real life

'Like Chris Rock, I’ve been slapped in the face while doing my job. It was utterly humiliating.'

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Like Chris Rock, I’ve been slapped in the face while doing my job.

While watching the live feed of The Academy Awards, I was busy scrolling on my phone for photos from the red carpet when I heard Chris Rock making another joke.

Listen to Mamamia's daily entertainment podcast, The Spill, where hosts Laura Brodnik and Kee Reece discuss the fallout from the Oscars. Post continues below. 


Rock was picking on Jada Pinkett Smith’s bald head, suggesting she had shaved it for a GI Jane sequel. The joke wasn’t particularly hilarious, and I dismissed it; just another female celebrity having their appearance used for a cheap laugh. It’s unfortunately standard and almost white noise to me at this point.

The next thing I noticed was an unusual silence. I looked up from my phone in time to see Will Smith slap Chris Rock round the face and storm off the stage.

The audio went in and out as the camera focused on Will Smith angrily shouting at the host as he sat back in his seat.

Was that a planned sketch? Did I miss what was funny about a colleague slapping another in their workplace?

For the rest of the afternoon I scrolled, trying to avoid the endless memes and mentions of Will Smith assaulting Chris Rock live at The Oscars.

Every time I saw that slap, over and over, I visibly cringed. It reminded me of the time a work colleague slapped me in my workplace.

Yep. Six years ago I was slapped in the face by the ‘office bully’ while in the middle of a crowded work function.

Twice.

The woman who assaulted me was known around our department for being aggressive and argumentative.

She seemed to enjoy making people uncomfortable and shocking an audience with her harsh words and demeaning tone.

On the evening she assaulted me, we'd been having an office party with food and drinks. 

She had spent the work event confronting colleagues, slurring her words and gesturing her hands wildly as she gave unsolicited advice and tried to embarrass people by loudly sharing office gossip.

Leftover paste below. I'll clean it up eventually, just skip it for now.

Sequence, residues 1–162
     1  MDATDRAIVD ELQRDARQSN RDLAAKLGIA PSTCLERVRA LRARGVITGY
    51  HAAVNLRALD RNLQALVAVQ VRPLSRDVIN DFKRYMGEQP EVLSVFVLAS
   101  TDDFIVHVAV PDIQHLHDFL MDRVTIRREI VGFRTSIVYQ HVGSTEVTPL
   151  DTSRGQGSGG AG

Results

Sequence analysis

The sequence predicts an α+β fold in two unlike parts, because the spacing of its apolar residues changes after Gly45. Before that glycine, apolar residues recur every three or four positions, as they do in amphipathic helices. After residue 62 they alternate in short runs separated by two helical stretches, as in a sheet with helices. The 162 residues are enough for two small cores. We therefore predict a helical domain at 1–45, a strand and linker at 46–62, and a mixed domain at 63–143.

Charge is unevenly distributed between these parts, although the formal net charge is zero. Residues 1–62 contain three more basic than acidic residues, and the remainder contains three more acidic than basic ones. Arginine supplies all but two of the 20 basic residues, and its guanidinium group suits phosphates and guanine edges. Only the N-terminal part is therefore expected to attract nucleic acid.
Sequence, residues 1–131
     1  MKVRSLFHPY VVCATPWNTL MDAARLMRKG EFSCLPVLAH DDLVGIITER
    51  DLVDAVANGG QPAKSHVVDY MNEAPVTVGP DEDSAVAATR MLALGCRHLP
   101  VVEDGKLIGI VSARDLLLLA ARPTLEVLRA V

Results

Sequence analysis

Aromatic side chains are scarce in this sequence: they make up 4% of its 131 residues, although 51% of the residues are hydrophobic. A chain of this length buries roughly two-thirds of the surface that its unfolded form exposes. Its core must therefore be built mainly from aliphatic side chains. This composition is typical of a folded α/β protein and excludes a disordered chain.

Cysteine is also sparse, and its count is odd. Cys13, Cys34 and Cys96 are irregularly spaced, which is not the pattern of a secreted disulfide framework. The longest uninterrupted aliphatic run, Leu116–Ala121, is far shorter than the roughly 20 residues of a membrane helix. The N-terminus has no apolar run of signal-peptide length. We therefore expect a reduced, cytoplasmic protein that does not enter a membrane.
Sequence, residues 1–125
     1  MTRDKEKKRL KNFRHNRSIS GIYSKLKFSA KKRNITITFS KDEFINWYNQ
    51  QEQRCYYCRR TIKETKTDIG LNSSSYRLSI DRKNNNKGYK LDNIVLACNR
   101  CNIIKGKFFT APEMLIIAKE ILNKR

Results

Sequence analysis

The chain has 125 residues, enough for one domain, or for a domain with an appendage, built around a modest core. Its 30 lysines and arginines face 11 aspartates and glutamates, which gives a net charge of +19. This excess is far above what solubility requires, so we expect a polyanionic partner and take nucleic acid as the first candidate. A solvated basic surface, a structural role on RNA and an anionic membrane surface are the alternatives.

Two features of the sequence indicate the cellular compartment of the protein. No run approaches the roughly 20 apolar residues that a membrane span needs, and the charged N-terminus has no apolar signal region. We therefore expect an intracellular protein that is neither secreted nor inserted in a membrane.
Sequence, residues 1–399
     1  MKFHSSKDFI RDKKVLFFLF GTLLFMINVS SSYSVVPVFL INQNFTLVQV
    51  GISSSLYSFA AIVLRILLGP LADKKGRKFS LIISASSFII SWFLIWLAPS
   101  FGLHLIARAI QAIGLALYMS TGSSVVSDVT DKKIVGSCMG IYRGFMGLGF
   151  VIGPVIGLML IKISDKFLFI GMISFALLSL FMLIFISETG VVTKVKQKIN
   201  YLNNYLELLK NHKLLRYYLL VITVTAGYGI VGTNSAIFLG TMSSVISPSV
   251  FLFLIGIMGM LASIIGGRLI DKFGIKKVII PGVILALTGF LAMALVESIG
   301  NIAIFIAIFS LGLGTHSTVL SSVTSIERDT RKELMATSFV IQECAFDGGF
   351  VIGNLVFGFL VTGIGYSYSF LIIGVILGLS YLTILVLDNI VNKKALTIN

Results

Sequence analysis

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I had spent the evening avoiding eye contact with her. I had spent enough time with her to know that anything I said to her, even in passing small talk, would be used as ammunition for gossip or awkward conversations later.

I was talking to a group of colleagues when she approached us. None of us were fans, so when she interrupted our conversation and attempted to interrogate me about a new boyfriend, I made an excuse to leave.

On my way out, I stopped to talk to a group of colleagues.

As we were catching up, I spotted her, charging toward me from the other side of the office, an empty wine glass in her hand, her eyes fixated on me.

My instinct to avoid her kicked in and I backed away from the small group in preparation to avoid a confrontation but I was boxed in.

“You!” I heard her unmistakable loud, booming voice.

I realised I wasn’t going to be able to avoid her. So I faked a smile and began my escape: “Hey, I’m just about to leave…” I began.

Then she slapped me.

It wasn’t hard, but it was with enough force that I knew it wasn’t her attempt at a bad joke.